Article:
Children naturally enjoy music and learn by listening to it.  If you do not believe me, then ask any adult over the age of 40 to sing the Preamble to the Constitution and they will break out into song!  That is because we listened to Schoolhouse Rock in the 1970's between television programs on ABC.


Daisy Girl Scout songs
Image courtesy of Michal Marcol / FreeDigitalPhotos.net


One way to create music in the life of your troop is to sing.  Do not worry if you cannot carry a tune...kids this age do not care!

Here is a list of resources for Daisy Girl Scout songs.

Daisy Girl Scout Songs


Monday, January 13, 2014

10 Tips for Brand New Daisy Girl Scout Leaders

Did you just sign up to be your daughter's leader?  Congratulations on doing this wonderful thing for her and the other girls who will be in your troop.

You may feel a sense of panic and be overwhelmed at all you have to do. There really is no guidebook for new leaders, and it is truly a luck whether or not you have a helpful Service Unit team or not.

I have been a leader since 2008, and I have earned everything as I went along the way.  It has always been my intention to help others who are traveling on this road together.


10 tips for brand new Daisy Girl Scout leaders
Photo from morguefile.com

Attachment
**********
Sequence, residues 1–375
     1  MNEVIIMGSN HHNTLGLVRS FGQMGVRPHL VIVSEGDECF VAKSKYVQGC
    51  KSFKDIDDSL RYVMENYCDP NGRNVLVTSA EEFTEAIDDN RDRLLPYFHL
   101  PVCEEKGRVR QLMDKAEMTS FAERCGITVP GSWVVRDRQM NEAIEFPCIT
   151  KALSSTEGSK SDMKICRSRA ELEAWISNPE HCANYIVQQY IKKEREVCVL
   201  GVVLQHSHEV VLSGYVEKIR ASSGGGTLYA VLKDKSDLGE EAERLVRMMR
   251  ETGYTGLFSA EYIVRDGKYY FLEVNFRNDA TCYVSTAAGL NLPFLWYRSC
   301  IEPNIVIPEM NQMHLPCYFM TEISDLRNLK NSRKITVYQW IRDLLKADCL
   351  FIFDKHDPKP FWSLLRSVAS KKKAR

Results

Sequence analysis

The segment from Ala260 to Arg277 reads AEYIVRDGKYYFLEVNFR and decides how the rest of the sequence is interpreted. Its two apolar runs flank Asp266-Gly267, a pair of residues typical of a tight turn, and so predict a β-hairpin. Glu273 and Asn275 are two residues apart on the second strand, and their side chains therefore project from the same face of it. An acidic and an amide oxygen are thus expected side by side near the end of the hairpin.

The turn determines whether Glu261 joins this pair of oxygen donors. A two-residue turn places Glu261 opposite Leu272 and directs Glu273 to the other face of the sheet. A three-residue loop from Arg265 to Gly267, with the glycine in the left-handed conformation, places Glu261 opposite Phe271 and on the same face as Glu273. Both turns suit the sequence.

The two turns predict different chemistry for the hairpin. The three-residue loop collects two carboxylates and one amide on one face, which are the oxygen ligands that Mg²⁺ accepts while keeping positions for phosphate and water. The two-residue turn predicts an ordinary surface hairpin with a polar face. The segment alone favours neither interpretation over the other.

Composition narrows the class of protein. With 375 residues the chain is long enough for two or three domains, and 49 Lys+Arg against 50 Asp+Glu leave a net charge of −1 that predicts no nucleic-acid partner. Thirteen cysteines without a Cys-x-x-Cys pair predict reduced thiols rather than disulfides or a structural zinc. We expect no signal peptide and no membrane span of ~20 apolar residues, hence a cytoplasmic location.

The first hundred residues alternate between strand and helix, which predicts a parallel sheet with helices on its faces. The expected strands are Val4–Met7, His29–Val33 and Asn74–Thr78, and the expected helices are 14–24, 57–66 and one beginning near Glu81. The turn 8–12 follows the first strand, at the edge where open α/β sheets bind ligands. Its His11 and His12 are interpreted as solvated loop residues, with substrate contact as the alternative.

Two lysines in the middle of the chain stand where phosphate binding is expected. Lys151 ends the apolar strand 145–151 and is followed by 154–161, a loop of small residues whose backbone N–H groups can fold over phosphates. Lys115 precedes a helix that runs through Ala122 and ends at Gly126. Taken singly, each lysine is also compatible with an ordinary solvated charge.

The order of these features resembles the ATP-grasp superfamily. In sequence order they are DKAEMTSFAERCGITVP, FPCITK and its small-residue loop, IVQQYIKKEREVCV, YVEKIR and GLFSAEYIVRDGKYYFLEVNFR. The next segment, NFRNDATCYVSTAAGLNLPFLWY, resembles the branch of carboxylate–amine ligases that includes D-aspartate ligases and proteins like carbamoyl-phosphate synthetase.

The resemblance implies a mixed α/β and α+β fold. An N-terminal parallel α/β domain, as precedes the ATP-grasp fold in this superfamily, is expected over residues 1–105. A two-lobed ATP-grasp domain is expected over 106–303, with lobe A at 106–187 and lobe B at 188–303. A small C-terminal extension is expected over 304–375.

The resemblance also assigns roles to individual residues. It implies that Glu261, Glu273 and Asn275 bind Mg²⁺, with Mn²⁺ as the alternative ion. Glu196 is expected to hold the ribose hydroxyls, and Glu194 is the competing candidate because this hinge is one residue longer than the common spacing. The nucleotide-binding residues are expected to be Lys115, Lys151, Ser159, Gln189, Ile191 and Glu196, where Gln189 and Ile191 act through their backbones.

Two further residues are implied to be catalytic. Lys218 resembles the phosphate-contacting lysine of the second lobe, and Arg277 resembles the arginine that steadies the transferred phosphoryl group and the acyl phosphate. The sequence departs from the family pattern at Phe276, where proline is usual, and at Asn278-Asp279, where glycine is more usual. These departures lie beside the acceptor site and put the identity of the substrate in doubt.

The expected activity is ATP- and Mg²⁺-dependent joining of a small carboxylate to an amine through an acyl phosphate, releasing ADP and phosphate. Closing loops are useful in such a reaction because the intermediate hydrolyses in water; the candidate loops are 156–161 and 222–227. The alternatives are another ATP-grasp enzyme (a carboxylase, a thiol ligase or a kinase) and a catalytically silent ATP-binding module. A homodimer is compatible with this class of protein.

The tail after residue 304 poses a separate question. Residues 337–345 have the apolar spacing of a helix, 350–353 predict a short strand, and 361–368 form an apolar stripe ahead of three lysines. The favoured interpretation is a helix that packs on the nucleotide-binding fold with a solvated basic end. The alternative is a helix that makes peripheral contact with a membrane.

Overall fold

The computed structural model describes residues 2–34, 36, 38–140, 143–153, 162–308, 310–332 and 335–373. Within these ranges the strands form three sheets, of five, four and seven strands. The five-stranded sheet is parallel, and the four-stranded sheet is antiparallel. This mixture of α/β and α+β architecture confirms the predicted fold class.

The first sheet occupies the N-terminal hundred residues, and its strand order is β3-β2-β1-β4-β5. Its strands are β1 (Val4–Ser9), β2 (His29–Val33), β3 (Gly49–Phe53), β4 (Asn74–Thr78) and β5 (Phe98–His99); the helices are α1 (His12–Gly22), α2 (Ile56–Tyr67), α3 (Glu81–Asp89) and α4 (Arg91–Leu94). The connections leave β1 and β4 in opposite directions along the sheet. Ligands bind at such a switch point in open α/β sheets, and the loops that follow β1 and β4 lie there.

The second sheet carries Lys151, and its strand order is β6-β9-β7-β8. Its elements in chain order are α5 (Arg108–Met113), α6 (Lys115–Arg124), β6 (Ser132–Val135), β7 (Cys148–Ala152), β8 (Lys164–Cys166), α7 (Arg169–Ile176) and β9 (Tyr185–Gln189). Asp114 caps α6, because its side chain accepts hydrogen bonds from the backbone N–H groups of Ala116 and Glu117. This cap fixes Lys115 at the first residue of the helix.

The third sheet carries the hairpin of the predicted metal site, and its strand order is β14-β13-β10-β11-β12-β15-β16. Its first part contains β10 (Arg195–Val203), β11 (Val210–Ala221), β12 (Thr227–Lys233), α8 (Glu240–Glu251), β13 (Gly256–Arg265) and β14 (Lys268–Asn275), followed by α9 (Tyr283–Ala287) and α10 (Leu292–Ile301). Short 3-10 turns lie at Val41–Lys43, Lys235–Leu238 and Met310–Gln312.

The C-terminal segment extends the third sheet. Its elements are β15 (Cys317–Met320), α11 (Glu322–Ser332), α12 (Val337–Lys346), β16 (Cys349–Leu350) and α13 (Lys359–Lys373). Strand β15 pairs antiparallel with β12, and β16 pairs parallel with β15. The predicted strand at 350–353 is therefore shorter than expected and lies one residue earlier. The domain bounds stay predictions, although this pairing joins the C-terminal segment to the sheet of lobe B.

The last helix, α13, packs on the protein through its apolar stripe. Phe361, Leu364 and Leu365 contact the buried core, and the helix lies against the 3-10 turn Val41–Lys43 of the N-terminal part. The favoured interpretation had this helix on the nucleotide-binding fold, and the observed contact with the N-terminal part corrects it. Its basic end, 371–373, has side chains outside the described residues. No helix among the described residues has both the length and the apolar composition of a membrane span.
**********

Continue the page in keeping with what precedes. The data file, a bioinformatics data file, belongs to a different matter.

You can find some practical advice for starting a troop in this article 10 Tips for Starting a Daisy Girl Scout Troop.


Another useful article is organizing your very first meeting.  Here are some tips on how to do just that.

I wish you the best of luck!  Please ask questions in the comment boxes and I will be happy to assist you!






Friday, January 10, 2014

Free Printable Girl Scout Cookie Thank You Tags

Respecting others is part of the Girl Scout Promise. One way to show respect is to thank people for what they do for you, like buying Girl Scout cookies.

Here is a link for a Girl Scout cookie thank you that your girls can place  on the boxes they sell to friends and family.

Wednesday, January 8, 2014

How to Earn the Yellow Daisy Petal

Earning Daisy petals, in my opinion, is one of the most important parts of your first year as a leader.  How else will anything you do later on make sense?  Until the Girl Scouts of America made Daisies a two year program, this is what the first year of scouting was all about.  

The yellow Daisy petal is one that is easy to do.  Here is an activity that your troop will enjoy.  


how to earn the yellow day petal lesson plan
Photo from morguefile.com

Pre-Meeting Prep Work

1.  Get Volunteers-how many depends on the size of your troop

2.  Buy and prep materials

3.  Do a practice activity before you meet!

Materials

Blue, white and yellow embroidery floss

Scotch tape-2 or 3 rolls

Snack sized baggies


Cut the embroidery floss to the same length, tie them together with a knot, and place inside the baggie.





The Meeting